Author Topic: Reloading - the start up.  (Read 1059 times)

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Offline papabear

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Reloading - the start up.
« on: February 06, 2018, 02:00:58 AM »
Met a young new reloader on another forum. He was a little apologetic for his setup. Had pics of his bench. Most RCBS. Looked like their starter kit w/ some more additions. Had a Lyman vibrator. RC press, 505 scale, dies, funnel, loading blocks, case trimmer, no calipers in sight. That was all he needed for a way better start up than majority of us had if you are over 50 for sure. I am 68.

I started w/ a Lee hand loader. 30-06. In the floor because I had no bench and wife was not about to let me do it on the table.  Some more memories follow.

Had a RC press given to me for helping a friend.

1st tumbler - saw an ad in sale paper. Man got a vibrator for Christmas. Wanted $10.00 for his home made one. Made it out of a 2 pound lard bucket. I barely had the $10.00. Went to see and get it. He had compassion on a young starter and gave that to me.

I dont remember what calipers cost then but there was no Harbor Freight back then. No money either. I would take 2 factory loads and lay a straight edge across the top. Seat my bullets til they would just slide under the streight edge.

I had to stick w/ the Lee dipper and that few powder choices until I got a scale and manual. RCBS 505 scale was my first new item purchase. Still have it. Used measuring spoons til I got a powder dispencer. Back to used.

Without going out and looking good I think the only things I have bought new is the scale, Trim Pro, and calipers.
Quality stuff lasts a long time.
I am thankful for what I have and it works for me.

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Offline Axxe55

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Re: Reloading - the start up.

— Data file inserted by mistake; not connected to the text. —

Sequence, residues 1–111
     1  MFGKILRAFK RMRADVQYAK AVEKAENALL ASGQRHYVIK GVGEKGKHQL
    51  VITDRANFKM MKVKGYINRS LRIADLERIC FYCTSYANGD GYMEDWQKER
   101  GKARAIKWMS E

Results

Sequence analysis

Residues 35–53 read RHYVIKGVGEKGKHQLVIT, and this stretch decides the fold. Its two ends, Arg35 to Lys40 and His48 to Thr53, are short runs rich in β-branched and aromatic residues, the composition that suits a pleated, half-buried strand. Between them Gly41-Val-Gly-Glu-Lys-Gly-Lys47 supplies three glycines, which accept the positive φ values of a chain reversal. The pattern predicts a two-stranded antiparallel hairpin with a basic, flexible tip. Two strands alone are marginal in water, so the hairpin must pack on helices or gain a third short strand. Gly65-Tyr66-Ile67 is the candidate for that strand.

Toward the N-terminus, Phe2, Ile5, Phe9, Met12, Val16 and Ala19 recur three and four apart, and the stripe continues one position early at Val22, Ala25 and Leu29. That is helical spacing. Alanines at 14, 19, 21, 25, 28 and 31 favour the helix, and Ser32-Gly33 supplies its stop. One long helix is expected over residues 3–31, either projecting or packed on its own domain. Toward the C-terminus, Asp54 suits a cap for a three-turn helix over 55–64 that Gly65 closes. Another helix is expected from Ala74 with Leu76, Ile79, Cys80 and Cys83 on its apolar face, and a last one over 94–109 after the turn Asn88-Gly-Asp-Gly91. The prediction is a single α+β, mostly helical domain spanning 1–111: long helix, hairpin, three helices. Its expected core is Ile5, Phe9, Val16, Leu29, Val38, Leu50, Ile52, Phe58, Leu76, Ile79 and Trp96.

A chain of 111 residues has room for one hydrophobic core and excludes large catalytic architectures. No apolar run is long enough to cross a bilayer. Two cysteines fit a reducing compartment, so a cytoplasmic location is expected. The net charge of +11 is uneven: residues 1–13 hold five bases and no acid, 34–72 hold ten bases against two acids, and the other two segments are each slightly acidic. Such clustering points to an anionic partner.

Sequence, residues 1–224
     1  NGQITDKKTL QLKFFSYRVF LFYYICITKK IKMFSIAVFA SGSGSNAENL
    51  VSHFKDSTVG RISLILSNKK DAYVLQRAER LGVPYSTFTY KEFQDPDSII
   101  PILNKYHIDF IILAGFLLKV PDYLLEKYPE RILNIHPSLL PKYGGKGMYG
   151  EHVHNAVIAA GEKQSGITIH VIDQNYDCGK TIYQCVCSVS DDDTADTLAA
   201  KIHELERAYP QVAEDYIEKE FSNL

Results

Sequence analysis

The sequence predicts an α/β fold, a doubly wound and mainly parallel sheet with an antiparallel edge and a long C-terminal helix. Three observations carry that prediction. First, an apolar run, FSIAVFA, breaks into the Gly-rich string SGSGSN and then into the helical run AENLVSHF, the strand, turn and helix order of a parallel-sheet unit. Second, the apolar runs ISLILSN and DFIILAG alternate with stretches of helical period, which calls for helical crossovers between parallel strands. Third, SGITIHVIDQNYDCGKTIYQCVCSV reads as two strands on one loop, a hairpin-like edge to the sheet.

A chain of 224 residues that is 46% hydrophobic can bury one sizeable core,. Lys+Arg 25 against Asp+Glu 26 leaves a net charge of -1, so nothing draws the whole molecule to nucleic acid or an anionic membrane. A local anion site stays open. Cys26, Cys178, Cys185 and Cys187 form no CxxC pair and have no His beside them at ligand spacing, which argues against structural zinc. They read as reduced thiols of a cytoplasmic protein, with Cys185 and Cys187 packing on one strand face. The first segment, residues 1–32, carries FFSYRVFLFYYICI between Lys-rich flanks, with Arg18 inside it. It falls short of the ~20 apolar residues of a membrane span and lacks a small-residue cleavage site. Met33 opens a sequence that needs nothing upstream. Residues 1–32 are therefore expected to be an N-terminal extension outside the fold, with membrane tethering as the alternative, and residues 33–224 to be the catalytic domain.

« Reply #1 on: February 06, 2018, 03:37:17 PM »
great story Papabear.  :th_thicon_idea:

i was lucky in some ways. the bulk of mine came from my father over fifteen years ago. i have added to it since. gone through three different locations in the house to do my loading. my father started reloading back in the late 1960's. i "helped" him even back then!
"A vote is like a rifle. It's usefulness depends upon the character of the user."  Teddy Roosevelt.

"Better to die on your feet, than to live on your knees." Emiliano Zapata.

Offline papabear

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Re: Reloading - the start up.
« Reply #2 on: February 06, 2018, 04:07:45 PM »
On location.
I have had 3 I guess. First was there on the floor w/ my son climbing around and up my back.
2nd was a small 6x10 room in our garage.
3rd is my present. Had it little over 4yrs now. A 12x20 work shop. One whole 20 ft wall is brass, then the bench with 2 presses, a Chest of drawers w/ dies, tools, tumbler and cleaning media on bench.
I am blessed.
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Offline Axxe55

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Re: Reloading - the start up.
« Reply #3 on: February 06, 2018, 10:08:11 PM »
i have heard people say they have no room to set up for reloading. i say bull crap! my father when we were little and started reloading, worked off the coffee table in our apartment. when he got done, he stored everything in the hall closet until the next time. so a person can reload just about anywhere if they really want to. lack of room is no real excuse.

my present space is dedicated reloading table i built in the garage. close by is the work bench where i work on guns and just about anything else like chainsaws and other things. it has a bench mounted large heavy duty old vise and a bench grinder. plenty of dedicated lighting over both the reloading table and the workbench. my reloading table measures 24"wX40"dX38"h. it has three single stage presses mounted on it. with two shelves underneath that i store powders, primers and bullets on. i also have an old dresser that i use for storing various stuff in, and one drawer holds all of my dies that aren't being used.
"A vote is like a rifle. It's usefulness depends upon the character of the user."  Teddy Roosevelt.

"Better to die on your feet, than to live on your knees." Emiliano Zapata.

Offline JohnnyDollar

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Re: Reloading - the start up.
« Reply #4 on: February 07, 2018, 07:45:58 AM »
I started with a Hornady single stage starter kit which has worked well for me.

Offline papabear

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Re: Reloading - the start up.
« Reply #5 on: February 07, 2018, 10:58:19 AM »
Like Axxe55 I tell folks there is enough room to start no matter who you are and where you live. As stated before - I started on the floor w/ a Lee hand loader.
The most compact start up I ever saw was a friend who mounted his RCBS RCer on a small "table" "bench" don't know really what to call it or hardly how to describe it.